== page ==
Diving into the world of UI and exploring Spatial Design turned out to be way more fun and exciting than I thought. When Apple shared news about their new gadget, Apple Vision Pro, I instantly knew it would change how we experience VR/AR. That's when I got into this cool side project, playing around with Spatial UI.
Since I'm a regular user of Ubuntu, one day it hit me: what if Ubuntu could work on Apple Vision Pro with Spatial UI? So, I decided to make it happen. I'll be explaining the steps of my design process. It's a blend of learning and doing, turning an idea into a reality!
My goal with this project was to practice my visual design, interaction design and prototyping skills while also learning Spatial UI design.
- Personal Project: This is a personal project to develop and improve my skills. This project holds no specific metrics or outcomes aside from contributing to my personal growth.
- Practicing Visual & Interaction Design: I focused on high visual polish, consistency and a design language for this project.
- Trying new things: A key motivation behind this project was the exploration of new concepts. My goal was to getting a basic understanding of building Spatial UI experiences.
Why Spatial UI and Ubuntu?
Apple's approach in Spatial UI is driven by a commitment to creating immersive, user-friendly experiences. The emphasis on simple navigation, clear visuals, and dynamic adaptability aims to enhance user engagement in AR/VR environments. This commitment to user-centric design and innovation sets the tone for Spatial UI.
Translating this to Ubuntu involves understanding and incorporating similar principles. Users should feel familiar while using this version of spatial Ubuntu. I kept my focus on creating a seamless, immersive experience for users. Elements such as clear navigation, spatial awareness, and dynamic adaptation to the user's environment become key considerations. While maintaining Ubuntu's identity, adopting Spatial UI principles can contribute to a more engaging and user-friendly interface.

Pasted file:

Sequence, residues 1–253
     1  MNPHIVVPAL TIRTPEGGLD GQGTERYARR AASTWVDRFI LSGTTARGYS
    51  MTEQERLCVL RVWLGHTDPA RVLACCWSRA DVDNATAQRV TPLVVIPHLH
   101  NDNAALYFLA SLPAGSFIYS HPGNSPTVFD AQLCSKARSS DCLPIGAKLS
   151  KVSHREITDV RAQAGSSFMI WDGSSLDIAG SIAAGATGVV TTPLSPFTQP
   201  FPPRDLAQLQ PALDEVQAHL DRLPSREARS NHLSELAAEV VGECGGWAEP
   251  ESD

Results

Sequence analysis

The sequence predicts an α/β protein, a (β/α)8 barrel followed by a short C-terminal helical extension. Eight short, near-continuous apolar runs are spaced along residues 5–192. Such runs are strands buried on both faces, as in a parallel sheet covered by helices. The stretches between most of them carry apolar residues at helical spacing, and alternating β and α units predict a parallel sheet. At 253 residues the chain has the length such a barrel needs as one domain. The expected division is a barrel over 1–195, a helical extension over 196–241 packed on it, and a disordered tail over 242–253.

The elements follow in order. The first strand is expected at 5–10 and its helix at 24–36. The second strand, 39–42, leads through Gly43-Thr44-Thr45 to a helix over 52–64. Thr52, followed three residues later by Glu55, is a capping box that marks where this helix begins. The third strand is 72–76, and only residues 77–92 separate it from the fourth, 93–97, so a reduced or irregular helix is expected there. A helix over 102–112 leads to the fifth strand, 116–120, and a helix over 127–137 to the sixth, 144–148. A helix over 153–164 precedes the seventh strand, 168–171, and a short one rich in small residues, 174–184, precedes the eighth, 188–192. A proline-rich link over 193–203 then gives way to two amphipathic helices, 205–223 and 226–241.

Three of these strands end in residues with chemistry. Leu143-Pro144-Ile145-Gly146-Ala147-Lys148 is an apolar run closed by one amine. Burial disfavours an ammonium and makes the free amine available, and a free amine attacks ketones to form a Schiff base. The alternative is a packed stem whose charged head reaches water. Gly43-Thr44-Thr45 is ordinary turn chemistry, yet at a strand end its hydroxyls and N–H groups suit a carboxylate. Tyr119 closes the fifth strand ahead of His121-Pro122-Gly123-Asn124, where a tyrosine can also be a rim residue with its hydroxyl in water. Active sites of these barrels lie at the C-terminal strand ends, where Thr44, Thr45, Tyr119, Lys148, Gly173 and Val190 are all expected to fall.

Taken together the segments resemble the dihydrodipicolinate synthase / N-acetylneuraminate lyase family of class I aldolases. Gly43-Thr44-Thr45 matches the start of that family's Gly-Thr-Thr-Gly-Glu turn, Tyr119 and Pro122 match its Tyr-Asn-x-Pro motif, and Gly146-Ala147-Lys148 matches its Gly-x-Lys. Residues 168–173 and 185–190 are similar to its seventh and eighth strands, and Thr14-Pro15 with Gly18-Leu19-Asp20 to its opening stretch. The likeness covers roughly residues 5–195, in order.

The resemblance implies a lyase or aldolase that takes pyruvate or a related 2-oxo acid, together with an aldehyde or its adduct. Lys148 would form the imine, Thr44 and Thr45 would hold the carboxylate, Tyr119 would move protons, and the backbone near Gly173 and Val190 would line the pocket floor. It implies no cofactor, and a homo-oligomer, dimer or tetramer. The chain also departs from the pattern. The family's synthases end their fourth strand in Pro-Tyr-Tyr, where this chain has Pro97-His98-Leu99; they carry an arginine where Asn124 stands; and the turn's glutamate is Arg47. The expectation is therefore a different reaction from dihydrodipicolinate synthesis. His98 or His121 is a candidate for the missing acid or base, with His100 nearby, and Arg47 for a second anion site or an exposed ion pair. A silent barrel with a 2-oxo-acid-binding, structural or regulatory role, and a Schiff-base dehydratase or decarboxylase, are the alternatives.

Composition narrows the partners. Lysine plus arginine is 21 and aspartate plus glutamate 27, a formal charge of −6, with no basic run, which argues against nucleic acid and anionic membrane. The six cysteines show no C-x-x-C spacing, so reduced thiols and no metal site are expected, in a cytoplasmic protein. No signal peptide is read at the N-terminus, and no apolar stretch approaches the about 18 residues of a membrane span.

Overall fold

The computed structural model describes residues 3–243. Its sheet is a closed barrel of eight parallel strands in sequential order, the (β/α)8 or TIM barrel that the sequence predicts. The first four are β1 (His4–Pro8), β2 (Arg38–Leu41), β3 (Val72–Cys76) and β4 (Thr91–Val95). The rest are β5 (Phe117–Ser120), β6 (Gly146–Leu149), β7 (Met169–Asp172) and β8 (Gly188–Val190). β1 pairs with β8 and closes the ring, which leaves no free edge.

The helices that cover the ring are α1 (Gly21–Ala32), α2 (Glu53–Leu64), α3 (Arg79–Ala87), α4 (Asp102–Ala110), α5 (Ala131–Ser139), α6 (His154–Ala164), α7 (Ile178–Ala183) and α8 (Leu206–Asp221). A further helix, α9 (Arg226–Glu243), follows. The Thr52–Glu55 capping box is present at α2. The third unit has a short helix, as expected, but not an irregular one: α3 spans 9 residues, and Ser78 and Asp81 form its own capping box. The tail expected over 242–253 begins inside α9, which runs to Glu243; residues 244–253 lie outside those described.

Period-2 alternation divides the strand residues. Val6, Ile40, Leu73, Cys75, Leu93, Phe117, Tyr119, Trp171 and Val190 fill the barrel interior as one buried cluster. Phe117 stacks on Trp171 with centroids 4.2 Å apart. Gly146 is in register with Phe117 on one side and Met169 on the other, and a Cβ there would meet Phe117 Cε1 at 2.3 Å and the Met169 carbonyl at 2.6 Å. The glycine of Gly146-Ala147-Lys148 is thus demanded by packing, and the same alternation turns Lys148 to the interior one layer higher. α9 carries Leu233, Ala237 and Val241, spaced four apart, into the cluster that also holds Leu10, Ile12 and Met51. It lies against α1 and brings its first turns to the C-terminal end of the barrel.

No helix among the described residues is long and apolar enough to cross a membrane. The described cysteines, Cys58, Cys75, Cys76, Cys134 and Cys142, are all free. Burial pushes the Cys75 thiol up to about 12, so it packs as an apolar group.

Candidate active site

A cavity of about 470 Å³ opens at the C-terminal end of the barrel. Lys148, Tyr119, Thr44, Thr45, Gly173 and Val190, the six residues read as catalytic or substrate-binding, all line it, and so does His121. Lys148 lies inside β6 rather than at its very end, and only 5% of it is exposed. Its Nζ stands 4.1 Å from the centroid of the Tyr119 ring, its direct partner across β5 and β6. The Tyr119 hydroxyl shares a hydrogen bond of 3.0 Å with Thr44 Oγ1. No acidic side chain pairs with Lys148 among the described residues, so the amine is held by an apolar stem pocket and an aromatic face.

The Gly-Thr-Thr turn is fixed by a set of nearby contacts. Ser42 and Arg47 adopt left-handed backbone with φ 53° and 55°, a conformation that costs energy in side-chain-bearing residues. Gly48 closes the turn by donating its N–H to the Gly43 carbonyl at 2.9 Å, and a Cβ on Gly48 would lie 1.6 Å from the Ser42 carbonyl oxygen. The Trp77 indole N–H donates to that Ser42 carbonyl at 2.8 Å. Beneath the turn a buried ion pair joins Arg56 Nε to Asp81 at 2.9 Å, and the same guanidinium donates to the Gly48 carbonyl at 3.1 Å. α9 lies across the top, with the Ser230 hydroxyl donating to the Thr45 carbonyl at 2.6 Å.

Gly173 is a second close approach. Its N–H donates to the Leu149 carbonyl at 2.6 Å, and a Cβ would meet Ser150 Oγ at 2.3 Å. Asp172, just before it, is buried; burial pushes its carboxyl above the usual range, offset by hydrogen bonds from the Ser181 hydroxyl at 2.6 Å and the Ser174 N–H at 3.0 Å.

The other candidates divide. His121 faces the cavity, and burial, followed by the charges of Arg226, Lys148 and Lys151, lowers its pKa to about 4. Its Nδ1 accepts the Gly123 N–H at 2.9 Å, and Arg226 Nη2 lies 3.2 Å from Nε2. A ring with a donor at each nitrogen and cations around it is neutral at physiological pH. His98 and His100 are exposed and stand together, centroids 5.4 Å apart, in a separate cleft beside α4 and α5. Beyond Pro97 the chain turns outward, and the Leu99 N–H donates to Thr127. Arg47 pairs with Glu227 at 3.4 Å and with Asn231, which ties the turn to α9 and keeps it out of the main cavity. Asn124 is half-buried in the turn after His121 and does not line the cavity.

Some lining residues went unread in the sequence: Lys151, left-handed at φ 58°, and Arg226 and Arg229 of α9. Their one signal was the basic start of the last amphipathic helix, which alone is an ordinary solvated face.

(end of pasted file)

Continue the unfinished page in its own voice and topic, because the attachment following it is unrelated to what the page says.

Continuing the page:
The Challenges I Faced
Adapting to Spatial UI: I have used desktops since I first learned about computers. Making Ubuntu follow Spatial UI principles meant changing it from the usual desktop style to a whole immersive setup. But, I made sure not to sacrifice usability for giving an OS a new look.
Maintaining Consistency: Even though Apple gave rules on how to design in Spatial UI, this project was different and special. Ubuntu isn't like traditional apps on MacOS or VisionOS, so I had to make my own custom components that followed the rules of Spatial UI.
Complying to Style Guide: Apple suggests using as many of its system components as possible, so I chose Apple’s SF Pro Display instead of Ubuntu's font for the main typeface. When it comes to colors, Apple recommends using white text and icons as much as possible for better visibility and user experience. This means I had to stick to these guidelines and couldn't use custom fonts or colors where I might have wanted to.
Balancing Aesthetics and Functionality: Even though this is just a concept, making the interface look good while keeping it practical was like walking a tightrope. There aren't many examples online because Apple hasn't released the product yet.
User Learning Curve: I had to create the new Ubuntu interface in a way that feels familiar to users, like something they've used before. Since AR/VR is still new for many people, making things similar to what they already know helps reduce the learning curve.